We also required Internet access so my second task was getting the school connected to a provider. Initially we connected the network to the outside world using an Ascend 128KB ISDN router. I would learn how to operate this thing by purchasing one for myself and hooking it up in my apartment. My buddy Paul had a similar setup in his house and we could dial them into the university’s computer network for a small monthly fee. In 1996 I think we were two of about four people at the university who could claim to have high-speed internet service in their homes. I was smoking those 56K modem owners until DSL and Cable modems started showing up a few years later. Since that time we’ve moved the school over to a burstable T1 line with a Cisco router and a Sonicwall to block as much danger as possible. Each step of the way, I was learning about things that I would never be allowed to touch in the corporate world. (Large companies don’t usually let the average employee jump in and configure their telecommunications equipment. Granted, they are using much more sophisticated equipment that my school owns, but the underlying principles are the same and the experience of having been through it is invaluable.)

Next up, email. “Hmmm, what email client should they use? I hear Lotus Notes is popular. Let’s try that.” Remember this was 1995 and Notes was so hot that IBM had just gobbled up the entire company to get their hands on this fabled groupware product while sunsetting almost every other piece of software Lotus made. I figured Notes was good place to start learning to write software so I made a deal with Lotus to give the school every product they made for $5000 annually. This covered the school’s email (Notes), office suite (SmartSuite) and web server (Domino) needs for the near future and allowed all the teacher’s to make copies of the media take home for their personal machines. At the time Microsoft wanted about three times that amount, but they’ve since learned that indoctrination of children is more important than immediate profits. Give a man a man a fish, he will eat for a day. Teach a man how to do his homework on your word processor and he’ll use it in college and at his future job, eradicating WordPerfect and WordPro. Something like that.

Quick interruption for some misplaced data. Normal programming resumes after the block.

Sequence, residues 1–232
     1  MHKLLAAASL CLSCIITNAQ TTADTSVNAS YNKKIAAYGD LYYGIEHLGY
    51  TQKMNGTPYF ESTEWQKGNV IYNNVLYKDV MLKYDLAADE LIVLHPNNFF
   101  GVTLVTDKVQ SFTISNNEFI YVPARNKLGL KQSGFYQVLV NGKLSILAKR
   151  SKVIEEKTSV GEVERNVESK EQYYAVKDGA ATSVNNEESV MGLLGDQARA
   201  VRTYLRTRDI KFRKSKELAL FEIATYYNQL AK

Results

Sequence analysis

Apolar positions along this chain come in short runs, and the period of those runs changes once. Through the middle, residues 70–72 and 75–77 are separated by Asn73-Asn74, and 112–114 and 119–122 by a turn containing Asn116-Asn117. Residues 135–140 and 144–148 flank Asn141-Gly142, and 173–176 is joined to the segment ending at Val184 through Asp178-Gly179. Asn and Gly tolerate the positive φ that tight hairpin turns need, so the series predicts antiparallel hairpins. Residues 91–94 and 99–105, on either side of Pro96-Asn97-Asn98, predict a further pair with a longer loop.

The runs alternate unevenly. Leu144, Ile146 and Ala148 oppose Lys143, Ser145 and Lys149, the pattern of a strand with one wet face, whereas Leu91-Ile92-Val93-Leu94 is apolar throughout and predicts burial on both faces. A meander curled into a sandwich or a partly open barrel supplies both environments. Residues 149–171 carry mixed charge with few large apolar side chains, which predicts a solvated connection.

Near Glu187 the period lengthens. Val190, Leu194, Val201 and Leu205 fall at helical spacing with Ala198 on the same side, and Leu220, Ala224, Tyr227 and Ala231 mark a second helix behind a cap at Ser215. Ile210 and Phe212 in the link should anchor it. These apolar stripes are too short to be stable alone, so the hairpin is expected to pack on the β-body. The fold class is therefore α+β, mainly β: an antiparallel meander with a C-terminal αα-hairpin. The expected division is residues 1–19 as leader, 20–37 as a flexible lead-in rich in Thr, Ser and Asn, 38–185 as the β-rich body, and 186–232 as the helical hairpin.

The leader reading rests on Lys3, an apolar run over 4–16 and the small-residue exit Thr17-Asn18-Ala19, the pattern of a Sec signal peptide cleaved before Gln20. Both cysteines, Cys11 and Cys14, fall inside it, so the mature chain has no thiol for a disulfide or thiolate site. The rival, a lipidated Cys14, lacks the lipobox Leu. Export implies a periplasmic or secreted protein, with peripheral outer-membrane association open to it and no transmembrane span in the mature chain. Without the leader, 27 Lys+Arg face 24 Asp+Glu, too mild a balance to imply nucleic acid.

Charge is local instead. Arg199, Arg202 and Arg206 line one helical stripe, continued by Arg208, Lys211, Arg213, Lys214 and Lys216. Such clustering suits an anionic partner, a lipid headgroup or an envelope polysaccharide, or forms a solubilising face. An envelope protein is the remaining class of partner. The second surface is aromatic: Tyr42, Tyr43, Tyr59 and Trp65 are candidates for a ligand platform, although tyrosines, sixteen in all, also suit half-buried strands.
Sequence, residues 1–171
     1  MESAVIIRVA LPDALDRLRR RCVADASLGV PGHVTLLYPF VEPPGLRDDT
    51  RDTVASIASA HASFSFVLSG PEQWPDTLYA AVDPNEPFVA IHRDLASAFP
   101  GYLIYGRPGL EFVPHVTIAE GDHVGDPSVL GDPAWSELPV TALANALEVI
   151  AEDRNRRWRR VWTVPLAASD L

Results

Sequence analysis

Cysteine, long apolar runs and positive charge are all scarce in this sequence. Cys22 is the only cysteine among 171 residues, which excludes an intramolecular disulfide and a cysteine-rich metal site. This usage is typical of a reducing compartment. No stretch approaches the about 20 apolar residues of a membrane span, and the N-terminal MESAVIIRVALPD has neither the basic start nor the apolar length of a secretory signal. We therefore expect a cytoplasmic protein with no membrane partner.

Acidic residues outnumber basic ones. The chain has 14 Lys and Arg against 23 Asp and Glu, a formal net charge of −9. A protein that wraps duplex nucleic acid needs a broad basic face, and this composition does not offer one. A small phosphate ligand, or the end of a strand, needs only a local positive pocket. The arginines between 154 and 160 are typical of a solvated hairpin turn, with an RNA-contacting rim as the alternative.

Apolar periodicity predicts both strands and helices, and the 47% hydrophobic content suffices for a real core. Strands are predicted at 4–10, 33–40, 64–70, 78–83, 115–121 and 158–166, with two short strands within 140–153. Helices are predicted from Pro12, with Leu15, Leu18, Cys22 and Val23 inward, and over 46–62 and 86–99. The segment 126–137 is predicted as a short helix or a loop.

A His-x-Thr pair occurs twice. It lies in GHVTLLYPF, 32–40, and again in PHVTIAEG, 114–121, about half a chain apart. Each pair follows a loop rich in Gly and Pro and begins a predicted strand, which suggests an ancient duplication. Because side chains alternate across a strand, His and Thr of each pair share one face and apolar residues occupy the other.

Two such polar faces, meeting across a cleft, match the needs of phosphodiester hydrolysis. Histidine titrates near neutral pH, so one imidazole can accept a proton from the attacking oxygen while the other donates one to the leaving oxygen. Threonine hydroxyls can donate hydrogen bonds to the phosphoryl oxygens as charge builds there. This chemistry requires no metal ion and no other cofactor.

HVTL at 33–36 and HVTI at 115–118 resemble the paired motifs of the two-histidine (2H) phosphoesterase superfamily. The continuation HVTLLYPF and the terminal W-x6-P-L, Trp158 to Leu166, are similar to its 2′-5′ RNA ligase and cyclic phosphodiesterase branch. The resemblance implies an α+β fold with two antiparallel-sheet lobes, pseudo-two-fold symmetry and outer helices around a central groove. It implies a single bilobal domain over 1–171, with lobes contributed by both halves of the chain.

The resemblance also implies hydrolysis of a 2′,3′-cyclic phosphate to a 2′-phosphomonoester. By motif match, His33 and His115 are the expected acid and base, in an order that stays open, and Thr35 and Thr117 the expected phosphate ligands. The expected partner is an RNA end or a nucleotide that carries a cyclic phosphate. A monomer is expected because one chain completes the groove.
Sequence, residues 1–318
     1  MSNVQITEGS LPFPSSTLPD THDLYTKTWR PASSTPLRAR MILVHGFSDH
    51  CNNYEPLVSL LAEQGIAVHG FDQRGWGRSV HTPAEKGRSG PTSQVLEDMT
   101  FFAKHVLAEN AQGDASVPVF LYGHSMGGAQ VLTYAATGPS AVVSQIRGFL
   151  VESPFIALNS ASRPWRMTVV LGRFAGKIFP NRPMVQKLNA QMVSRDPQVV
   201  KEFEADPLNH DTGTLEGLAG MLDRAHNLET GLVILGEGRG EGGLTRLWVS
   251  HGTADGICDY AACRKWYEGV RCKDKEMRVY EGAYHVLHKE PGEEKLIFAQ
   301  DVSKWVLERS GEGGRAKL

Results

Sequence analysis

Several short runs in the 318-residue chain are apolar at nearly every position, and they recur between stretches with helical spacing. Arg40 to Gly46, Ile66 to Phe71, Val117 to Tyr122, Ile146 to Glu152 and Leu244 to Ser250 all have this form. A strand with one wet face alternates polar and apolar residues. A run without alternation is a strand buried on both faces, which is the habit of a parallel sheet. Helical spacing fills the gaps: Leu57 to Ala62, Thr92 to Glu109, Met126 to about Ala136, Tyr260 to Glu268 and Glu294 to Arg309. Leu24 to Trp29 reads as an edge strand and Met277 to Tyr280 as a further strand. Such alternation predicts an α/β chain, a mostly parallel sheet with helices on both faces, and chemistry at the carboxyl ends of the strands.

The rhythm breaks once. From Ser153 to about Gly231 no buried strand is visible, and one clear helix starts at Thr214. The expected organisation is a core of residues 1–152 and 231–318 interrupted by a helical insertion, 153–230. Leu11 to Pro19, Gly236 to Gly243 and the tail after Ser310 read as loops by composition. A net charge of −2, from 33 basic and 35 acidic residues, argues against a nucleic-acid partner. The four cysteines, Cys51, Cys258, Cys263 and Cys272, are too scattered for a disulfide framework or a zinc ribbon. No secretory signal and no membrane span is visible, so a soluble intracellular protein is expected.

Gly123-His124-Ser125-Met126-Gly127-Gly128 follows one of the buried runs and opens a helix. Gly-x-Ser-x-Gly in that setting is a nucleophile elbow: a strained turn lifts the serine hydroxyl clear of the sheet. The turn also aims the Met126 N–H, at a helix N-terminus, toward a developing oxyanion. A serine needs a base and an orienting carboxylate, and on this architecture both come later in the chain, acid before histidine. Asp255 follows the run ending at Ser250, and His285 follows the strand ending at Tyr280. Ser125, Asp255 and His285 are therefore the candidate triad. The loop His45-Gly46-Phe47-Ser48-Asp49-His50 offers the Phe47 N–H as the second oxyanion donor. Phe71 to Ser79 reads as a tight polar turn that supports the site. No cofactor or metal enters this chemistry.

So I was off and running, building the school’s first web site in Lotus Domino. I had been using HTML since 1994 while working at the University of Texas computer lab but I really thought that Domino skills would be more marketable so I create the who thing in a Notes database and published it through Domino for public consumption. I would later integrate another popular product called NetObjects Fusion, which was a forerunner to FrontPage and much better in my opinion. The company died a few years later but I still have their t-shirt and wear it proudly to the confusion of my fellow nerds. (I’ve since heard someone else bought the company and still sells the product)

Next up, I had to learn all about email. What the heck is SMTP? How do I configure a gateway? Should I worry about anti virus software? Maybe later. After a few days we were up and running, receiving our alloted pile of spam sprinkled with useful messages here and there. Nice.

And so it went. Need a grading system to track and print report cards? I’ll write that in Lotus Notes. I learned enough during that endeavor to eventually get hired by PricewaterhouseCoopers as a consultant, writing Notes apps for one of the fanciest department stores in the world – NM. During the PwC interview, I found that they were much more interested in what I knew how to do with a computer than with my newly minted MBA. I continue to see how experience and skillsets are exponentially more important that what degree you have or where you got it. Bill Gates will pay top dollar to anyone who can beat Google, regardless of whether they come from Dartmouth or DeVry.